"The Man Trap" - The Original Series Season 1, Episode 1
(please note that full episode summaries are best found on Memory Alpha, and will be linked to in each headline)
Kirk, McCoy, and another crewman beam down to a planet staffed by an archaeologist married to McCoy's old girlfriend, only to find she's been supplanted by a creature that consumes salt. The creature, who can take human form, goes on to attack and murder several before being defeated.
This episode is our first introduction to a standard The Original Series trope: the alien murderer of the week. Kirk and crew very often come up against a murderous non-humanoid who has some sort of defense system they have to penetrate, before defeating them. In this case, it causes a moral dilemma for McCoy, as the creature has taken the guise of his ex-girlfriend, though, admittedly, not a particularly strong dilemma.
The adventure is very quickly revealed to the audience, leading to little mystery surrounding this particular alien murderer. Instead, the suspense comes from us watching Kirk's efforts to grapple with what he is facing, and then the crew's attempt to locate the dangerous shapeshifter once it has come aboard the Enterprise. At one point, the creature replaces Bones and takes his place in a meeting where the senior staff discuss how they will best hunt down the alien, leading to the final murder of the episode and an attack on Spock. The tension of this storyline is very well written, and the episode is very enjoyable as a result.
We learn a lot about Kirk in this episode. He is brash, headstrong, and even a little rude. He doesn't like mysteries, and isn't opposed to using his power and strength to brute force through a situation. Kirk will tear down and destroy in order to fix if he feels he needs to, which gives him the sort of edge that the rough-and-tumble captain of the Enterprise requires. Kirk bullies the archaeologist, Dr. Crater, thoroughly, in places, going so far as to deny Dr. Crater his simple request of extra salt tablets. Things aren't right, and Kirk declares, "But it's a mystery. And I don't like mysteries. They give me a bellyache. And I've got a beauty right now."
Yet, at the end, Kirk is shown to have a softer side. Although he was adamant in the need to defeat the salt-sucking alien to protect his crew, and showed little remorse at the death of Dr. Crater, he did reminisce quietly at the end. Though in self-defense, the crew of the Enterprise had slain the last member of a sentient species. He confesses to Spock that he was remembering the plight of Earth's buffalo.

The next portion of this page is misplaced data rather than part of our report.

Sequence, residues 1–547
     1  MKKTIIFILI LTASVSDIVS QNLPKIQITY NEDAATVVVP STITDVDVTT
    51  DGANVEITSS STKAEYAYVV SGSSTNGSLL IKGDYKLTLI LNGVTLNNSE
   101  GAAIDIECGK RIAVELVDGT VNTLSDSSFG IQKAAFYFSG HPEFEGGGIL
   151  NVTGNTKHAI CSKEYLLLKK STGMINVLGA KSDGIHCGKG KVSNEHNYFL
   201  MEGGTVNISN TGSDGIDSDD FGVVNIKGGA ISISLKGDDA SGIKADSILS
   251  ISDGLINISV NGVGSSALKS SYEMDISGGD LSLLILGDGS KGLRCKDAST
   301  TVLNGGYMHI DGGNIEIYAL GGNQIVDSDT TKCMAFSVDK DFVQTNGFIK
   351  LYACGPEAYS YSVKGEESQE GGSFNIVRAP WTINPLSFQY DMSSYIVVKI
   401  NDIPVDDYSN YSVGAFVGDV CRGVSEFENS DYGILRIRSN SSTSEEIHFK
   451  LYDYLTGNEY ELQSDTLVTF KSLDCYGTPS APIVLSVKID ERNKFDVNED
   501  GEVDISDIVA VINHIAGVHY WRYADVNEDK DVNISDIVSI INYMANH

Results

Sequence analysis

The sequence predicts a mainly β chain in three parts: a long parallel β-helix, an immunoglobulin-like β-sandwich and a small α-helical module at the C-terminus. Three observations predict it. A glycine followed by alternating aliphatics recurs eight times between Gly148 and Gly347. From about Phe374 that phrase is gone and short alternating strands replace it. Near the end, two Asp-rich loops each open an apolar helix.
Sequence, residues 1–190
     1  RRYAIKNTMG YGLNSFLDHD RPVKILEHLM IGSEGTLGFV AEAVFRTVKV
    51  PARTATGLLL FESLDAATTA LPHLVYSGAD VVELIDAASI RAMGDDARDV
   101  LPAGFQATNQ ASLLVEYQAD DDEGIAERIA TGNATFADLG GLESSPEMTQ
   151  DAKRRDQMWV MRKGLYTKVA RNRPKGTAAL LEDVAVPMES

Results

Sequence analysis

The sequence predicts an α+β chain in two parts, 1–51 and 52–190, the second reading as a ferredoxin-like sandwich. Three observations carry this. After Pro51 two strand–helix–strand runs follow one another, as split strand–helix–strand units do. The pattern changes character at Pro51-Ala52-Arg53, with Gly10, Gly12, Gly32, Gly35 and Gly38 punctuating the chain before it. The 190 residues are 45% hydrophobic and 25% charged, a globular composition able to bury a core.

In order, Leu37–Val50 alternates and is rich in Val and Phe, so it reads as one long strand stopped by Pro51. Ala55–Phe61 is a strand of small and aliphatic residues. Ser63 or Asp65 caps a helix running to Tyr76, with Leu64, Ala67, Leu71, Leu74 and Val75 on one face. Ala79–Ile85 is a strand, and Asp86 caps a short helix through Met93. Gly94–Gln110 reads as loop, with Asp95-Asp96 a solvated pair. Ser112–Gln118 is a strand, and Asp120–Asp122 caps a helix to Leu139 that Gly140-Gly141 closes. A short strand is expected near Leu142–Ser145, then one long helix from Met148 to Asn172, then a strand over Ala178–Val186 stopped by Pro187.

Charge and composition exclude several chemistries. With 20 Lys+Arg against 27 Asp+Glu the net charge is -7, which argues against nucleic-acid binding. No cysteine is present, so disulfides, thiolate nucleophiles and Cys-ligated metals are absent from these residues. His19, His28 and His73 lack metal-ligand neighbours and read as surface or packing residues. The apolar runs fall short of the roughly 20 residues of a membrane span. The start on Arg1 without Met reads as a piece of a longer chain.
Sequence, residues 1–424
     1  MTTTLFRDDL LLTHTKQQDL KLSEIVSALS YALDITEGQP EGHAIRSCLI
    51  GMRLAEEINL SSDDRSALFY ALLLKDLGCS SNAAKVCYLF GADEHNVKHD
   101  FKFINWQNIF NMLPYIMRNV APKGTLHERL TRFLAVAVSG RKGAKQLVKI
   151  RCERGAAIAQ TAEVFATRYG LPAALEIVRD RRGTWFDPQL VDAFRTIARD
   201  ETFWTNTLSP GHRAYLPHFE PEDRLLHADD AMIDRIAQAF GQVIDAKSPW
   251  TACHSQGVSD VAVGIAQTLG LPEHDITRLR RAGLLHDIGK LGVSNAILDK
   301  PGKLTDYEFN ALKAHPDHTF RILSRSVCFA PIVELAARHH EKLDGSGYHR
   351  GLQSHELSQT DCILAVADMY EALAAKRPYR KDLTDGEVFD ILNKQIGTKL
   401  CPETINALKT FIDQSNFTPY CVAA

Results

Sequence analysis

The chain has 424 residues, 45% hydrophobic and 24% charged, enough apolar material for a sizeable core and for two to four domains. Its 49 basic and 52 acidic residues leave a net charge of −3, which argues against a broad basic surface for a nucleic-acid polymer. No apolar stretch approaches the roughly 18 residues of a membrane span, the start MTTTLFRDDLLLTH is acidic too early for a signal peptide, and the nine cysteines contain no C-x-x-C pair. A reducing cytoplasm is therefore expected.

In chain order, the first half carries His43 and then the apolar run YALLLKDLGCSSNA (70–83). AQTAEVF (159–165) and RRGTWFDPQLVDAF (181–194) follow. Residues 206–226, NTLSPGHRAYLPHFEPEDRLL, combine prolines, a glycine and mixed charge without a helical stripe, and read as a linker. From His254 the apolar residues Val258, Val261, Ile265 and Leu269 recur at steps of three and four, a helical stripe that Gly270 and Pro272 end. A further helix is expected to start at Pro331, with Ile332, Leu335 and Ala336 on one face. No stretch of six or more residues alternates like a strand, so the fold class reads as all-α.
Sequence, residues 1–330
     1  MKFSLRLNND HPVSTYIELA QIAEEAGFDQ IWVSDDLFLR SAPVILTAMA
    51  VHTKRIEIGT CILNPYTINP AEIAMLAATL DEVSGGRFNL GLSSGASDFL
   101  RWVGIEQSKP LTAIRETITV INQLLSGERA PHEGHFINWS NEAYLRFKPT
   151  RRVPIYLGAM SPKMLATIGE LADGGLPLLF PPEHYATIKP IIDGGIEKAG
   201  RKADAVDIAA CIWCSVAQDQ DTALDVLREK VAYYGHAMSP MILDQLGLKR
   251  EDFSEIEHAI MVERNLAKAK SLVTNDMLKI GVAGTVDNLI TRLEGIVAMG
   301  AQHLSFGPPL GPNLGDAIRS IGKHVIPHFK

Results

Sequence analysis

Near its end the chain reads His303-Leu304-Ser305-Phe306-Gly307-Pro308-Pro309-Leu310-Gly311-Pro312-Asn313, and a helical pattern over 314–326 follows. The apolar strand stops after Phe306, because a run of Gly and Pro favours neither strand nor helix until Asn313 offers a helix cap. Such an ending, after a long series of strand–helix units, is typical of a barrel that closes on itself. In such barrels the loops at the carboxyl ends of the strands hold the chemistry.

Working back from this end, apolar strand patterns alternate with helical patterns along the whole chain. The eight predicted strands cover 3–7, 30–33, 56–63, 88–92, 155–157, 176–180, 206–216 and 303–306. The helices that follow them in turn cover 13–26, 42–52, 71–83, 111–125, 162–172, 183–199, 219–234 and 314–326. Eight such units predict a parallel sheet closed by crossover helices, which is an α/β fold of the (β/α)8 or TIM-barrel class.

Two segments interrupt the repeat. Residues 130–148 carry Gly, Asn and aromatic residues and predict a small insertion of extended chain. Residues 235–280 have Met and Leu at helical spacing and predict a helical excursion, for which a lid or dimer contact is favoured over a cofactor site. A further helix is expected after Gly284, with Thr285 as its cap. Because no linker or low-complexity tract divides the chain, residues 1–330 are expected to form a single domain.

Similarly, McCoy is shown to be cautious, nostalgic, and very much in touch with his past. He pines, secretly, for his old love and an easier time. He is xenophobic to an extent, and the famous rivalry with Spock begins immediately. Spock, of course, is set up to be impassionate, reacting not-at-all when the death of an away team member is announced, to the chagrin of those on the bridge. He does not understand Uhura's attempts to make small talk, and he certainly does not appreciate the passion with which McCoy views his lost love. He uses logic in the most desperate of situations, striking the creature that has fooled McCoy, until he realizes that the object of his desire is not, in fact, real.
"The Man Trap" continues to deliver with introducing us to the bread-and-butter of what will be The Original Series, with the unfortunate death of four ensigns during the making of this episodes, all victims of the salt-sucking alien. Known as "redshirts" (though not all of the dead ensigns wear red uniforms in this episode), these expendable crewmen will continue to die over the course of the series, and are used to create tension within the episode. By the end of the series, I am sure it will seem almost ludicrous, but that's part of the charm of The Original Series. It doesn't take itself too seriously.
Overall, "The Man Trap" delivers a great introduction to The Original Series and lays out some very important points for our three main crew members. We're introduced to Uhura and Sulu, as well as Yeoman Janice Rand, but none of these three characters are heavily developed at this point. The series focuses on Kirk, Spock, and McCoy, the three men who will carry the series in most episodes, and we can assume the others will receive some development over time. The story is not a great human interest piece, but more of a sci-fi thriller, a style of episode that shouldn't be underestimated in its ability to provide enjoyment.
Characters: 8/10 - great character development for the introduction of three new characters.
Story: 7/10 - a good "alien murderer of the week" plot that is still fresh.
Star Trek factor: 5/10 - there is a moral dilemma, but one that is easily solved by the standards that will develop as the series continues.
Overall: 7/10 - a fine episode of The Original Series, but not one that leaps out as either a landmark episode or a giant piece of crap.